Another point on the road lifted Nuno Espirito Santo’s spirited side back up to sixth, while Brighton’s encouraging start to the season continued as they moved level with Arsenal.

Diogo Jota earned Wolves a point with both goals in the 2-2 draw against Brighton
Diogo Jota earned Wolves a point with both goals in the 2-2 draw against Brighton (Gareth Fuller/PA)

Brighton, still buzzing after Thursday night’s memorable win over the Gunners, almost scored in the opening seconds.

Leandro Trossard stood up a tempting cross, Steven Alzate’s header was blocked and Maupay skied the rebound, before Lewis Dunk headed the resulting corner narrowly over.

Wolves responded through a Ruben Neves drive which flew inches wide and Seagulls keeper Mat Ryan made a fine save to keep out a header from Romain Saiss.

The visitors should have gone ahead after Adam Webster dallied on the ball in his own penalty area and was pickpocketed by Jota.

Neal Maupay's goal got Brighton back on level terms
Neal Maupay’s goal got Brighton back on level terms (Gareth Fuller/PA)

Jota squared the ball to Raul Jimenez but just as the Mexican shaped to shoot Dunk got a foot in.

Not that it mattered, as moments later the same duo combined to fire Wolves in front.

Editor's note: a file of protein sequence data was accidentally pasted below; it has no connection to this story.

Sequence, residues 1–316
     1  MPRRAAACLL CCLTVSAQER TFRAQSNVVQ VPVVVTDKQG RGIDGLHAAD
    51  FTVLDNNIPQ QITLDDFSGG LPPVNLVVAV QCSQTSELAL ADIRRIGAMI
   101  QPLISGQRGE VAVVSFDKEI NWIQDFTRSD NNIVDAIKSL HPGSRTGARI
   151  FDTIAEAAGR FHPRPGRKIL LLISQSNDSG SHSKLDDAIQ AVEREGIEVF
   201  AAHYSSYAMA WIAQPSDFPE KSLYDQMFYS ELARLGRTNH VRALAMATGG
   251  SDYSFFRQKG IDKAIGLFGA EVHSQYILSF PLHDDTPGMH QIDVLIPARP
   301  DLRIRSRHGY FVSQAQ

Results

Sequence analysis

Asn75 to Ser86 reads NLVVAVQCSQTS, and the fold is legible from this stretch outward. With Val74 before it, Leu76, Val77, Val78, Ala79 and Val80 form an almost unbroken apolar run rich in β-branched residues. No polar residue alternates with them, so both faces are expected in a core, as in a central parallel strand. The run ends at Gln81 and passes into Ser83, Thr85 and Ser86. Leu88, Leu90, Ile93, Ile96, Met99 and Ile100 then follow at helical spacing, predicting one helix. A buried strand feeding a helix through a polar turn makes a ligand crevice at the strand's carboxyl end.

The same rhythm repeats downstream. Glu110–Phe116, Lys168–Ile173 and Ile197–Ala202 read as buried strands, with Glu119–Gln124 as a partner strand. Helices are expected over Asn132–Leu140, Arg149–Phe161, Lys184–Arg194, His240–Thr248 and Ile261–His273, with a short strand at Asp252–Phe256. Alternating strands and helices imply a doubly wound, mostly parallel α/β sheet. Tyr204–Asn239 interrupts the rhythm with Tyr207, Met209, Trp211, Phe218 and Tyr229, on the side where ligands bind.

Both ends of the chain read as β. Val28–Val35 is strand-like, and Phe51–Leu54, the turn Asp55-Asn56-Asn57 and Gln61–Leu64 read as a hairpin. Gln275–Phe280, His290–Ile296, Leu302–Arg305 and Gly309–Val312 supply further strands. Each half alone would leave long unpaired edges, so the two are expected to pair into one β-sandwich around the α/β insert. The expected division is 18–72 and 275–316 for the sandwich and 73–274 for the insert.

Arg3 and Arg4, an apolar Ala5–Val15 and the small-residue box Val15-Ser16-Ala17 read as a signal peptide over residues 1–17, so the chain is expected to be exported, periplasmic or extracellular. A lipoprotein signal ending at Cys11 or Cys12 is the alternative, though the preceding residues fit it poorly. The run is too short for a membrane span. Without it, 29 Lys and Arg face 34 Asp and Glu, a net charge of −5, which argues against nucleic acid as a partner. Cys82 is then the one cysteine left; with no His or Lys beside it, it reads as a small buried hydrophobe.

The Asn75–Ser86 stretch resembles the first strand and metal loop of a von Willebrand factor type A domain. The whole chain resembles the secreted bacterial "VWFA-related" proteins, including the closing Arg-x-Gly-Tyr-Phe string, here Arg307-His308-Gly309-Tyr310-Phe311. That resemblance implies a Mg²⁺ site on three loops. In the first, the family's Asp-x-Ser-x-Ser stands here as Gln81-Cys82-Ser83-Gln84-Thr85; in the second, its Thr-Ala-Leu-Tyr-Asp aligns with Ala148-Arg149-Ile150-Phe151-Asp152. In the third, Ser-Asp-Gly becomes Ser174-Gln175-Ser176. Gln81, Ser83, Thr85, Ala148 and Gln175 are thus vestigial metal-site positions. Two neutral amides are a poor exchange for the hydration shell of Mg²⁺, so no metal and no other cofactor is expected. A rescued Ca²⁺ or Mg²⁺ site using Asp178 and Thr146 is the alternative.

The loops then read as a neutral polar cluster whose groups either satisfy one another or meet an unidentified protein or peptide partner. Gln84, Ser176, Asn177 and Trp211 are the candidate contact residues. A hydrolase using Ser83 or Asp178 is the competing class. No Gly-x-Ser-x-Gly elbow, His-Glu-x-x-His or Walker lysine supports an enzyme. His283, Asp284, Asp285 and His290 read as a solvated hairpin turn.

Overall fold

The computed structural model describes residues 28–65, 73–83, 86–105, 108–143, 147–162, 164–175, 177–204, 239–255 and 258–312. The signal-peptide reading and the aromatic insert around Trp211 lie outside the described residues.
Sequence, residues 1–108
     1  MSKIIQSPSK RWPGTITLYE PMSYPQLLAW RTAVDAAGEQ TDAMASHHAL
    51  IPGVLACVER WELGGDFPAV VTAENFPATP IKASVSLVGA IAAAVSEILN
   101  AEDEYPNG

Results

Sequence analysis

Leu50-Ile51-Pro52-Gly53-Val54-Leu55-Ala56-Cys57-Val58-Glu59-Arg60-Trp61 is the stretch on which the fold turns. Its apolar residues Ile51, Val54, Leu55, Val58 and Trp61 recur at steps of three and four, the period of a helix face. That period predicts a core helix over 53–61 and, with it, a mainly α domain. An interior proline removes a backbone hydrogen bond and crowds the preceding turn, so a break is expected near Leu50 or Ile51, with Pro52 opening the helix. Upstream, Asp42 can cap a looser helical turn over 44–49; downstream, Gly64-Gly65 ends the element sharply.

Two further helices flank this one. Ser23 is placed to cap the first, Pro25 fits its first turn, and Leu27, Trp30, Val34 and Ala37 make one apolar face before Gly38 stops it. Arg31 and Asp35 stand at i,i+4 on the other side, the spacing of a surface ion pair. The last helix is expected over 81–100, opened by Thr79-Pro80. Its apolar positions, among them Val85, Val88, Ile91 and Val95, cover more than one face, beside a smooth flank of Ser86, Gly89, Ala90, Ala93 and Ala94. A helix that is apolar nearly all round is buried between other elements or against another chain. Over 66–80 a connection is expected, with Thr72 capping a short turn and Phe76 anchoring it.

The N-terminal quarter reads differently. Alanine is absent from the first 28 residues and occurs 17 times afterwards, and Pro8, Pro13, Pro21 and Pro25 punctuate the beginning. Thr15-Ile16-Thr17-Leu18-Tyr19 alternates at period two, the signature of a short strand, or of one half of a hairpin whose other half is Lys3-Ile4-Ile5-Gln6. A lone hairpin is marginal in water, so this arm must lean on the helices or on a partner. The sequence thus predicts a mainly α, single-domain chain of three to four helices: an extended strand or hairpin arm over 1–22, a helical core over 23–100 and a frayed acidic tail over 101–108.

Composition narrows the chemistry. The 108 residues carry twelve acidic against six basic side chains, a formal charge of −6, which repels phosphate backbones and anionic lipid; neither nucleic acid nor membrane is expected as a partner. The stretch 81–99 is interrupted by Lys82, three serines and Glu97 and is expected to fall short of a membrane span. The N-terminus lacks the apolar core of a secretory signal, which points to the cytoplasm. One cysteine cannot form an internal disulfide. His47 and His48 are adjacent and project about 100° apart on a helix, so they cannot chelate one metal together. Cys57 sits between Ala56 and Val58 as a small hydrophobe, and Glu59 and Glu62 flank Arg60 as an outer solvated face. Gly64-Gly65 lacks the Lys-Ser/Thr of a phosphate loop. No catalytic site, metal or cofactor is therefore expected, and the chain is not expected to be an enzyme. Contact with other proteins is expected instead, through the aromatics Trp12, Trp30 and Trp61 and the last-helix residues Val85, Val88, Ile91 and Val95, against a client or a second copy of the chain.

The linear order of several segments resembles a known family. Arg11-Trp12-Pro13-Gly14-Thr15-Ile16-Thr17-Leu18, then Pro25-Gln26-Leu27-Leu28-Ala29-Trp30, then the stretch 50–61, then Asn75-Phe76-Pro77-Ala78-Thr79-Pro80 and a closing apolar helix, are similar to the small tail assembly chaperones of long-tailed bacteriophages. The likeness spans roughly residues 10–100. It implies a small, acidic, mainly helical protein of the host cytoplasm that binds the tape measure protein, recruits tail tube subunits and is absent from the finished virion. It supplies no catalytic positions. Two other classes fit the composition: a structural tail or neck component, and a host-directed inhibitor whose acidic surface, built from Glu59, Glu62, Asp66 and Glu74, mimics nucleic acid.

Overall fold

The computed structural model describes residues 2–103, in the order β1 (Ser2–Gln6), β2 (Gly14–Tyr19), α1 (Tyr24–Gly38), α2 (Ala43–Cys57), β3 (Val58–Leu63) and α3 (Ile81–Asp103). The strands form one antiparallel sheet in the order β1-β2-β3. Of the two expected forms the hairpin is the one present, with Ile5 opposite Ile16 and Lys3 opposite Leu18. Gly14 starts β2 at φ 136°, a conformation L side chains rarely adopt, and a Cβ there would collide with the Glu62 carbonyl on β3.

Jota collected the ball on halfway, sent Jimenez down the left and then raced into the area to meet the cross and sidefoot home.

Jota was denied a second by Ryan after racing through one-on-one, and the miss quickly proved costly when Brighton launched an astonishing turnaround.

First Maupay latched on to a ball over the top from Dale Stephens and crashed a superb first-time shot inside the near post.

Davy Propper put Brighton in front with a fine header
Davy Propper put Brighton in front with a fine header (Gareth Fuller/PA)

Then Wolves, who moments earlier had been in cruise control, were stunned again 90 seconds later when Trossard pulled the ball back and Propper thumped his header home.

It was Dutch midfielder Propper’s first home goal for Brighton, more than two years after joining the club, but it took him just eight minutes to cancel it out as a breathless first half came to a close.

Propper’s blind pass sideways rolled straight to Jonny, who was able to slip in Jota for his second to equalise.

After the break Dunk survived a VAR check after blocking Jota’s close-range shot, with Wolves claiming a handball which would have been harsh.

Wolves could have snatched the win late on when Patrick Cutrone reached the byline and pulled the ball back but fellow sub Pedro Neto was unable to provide the finish.